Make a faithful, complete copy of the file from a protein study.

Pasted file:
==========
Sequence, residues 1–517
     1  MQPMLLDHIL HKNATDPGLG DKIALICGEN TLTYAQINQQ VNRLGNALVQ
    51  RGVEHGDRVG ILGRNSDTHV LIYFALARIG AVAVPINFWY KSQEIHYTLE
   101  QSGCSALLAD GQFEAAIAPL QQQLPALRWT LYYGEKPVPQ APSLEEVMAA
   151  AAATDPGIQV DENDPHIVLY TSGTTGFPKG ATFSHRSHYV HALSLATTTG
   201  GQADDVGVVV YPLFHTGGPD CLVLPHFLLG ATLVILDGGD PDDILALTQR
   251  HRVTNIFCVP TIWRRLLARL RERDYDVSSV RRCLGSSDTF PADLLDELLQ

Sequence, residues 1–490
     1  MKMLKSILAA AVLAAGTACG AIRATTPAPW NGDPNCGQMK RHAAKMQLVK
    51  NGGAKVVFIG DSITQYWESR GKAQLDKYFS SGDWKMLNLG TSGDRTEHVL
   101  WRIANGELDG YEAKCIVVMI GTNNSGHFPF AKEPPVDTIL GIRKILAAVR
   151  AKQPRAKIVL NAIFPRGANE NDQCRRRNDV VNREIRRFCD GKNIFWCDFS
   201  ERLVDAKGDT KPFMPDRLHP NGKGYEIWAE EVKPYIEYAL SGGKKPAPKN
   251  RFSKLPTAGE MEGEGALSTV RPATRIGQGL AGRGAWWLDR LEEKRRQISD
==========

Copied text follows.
Sequence, residues 1–517
     1  MQPMLLDHIL HKNATDPGLG DKIALICGEN TLTYAQINQQ VNRLGNALVQ
    51  RGVEHGDRVG ILGRNSDTHV LIYFALARIG AVAVPINFWY KSQEIHYTLE
   101  QSGCSALLAD GQFEAAIAPL QQQLPALRWT LYYGEKPVPQ APSLEEVMAA
   151  AAATDPGIQV DENDPHIVLY TSGTTGFPKG ATFSHRSHYV HALSLATTTG
   201  GQADDVGVVV YPLFHTGGPD CLVLPHFLLG ATLVILDGGD PDDILALTQR
   251  HRVTNIFCVP TIWRRLLARL RERDYDVSSV RRCLGSSDTF PADLLDELLQ

Sequence, residues 1–490
     1  MKMLKSILAA AVLAAGTACG AIRATTPAPW NGDPNCGQMK RHAAKMQLVK
    51  NGGAKVVFIG DSITQYWESR GKAQLDKYFS SGDWKMLNLG TSGDRTEHVL
   101  WRIANGELDG YEAKCIVVMI GTNNSGHFPF AKEPPVDTIL GIRKILAAVR
   151  AKQPRAKIVL NAIFPRGANE NDQCRRRNDV VNREIRRFCD GKNIFWCDFS
   201  ERLVDAKGDT KPFMPDRLHP NGKGYEIWAE EVKPYIEYAL SGGKKPAPKN
   251  RFSKLPTAGE MEGEGALSTV RPATRIGQGL AGRGAWWLDR LEEKRRQISD